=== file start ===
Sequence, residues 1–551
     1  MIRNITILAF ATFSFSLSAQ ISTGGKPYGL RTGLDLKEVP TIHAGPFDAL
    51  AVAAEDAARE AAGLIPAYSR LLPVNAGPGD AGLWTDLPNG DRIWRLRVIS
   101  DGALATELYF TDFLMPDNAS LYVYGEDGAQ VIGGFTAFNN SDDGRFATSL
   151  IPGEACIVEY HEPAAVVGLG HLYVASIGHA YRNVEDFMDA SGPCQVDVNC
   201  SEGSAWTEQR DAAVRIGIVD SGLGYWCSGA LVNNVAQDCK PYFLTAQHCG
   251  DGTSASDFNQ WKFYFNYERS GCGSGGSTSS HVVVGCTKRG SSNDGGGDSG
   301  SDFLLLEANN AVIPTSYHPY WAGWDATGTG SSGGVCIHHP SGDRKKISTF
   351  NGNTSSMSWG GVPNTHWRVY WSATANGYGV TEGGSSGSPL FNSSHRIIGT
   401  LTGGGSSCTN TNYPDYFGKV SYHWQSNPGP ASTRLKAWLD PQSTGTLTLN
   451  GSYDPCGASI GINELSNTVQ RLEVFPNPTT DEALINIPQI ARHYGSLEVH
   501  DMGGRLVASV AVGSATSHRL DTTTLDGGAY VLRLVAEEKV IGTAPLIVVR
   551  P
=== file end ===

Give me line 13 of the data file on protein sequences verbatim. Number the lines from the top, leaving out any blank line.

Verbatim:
   551  P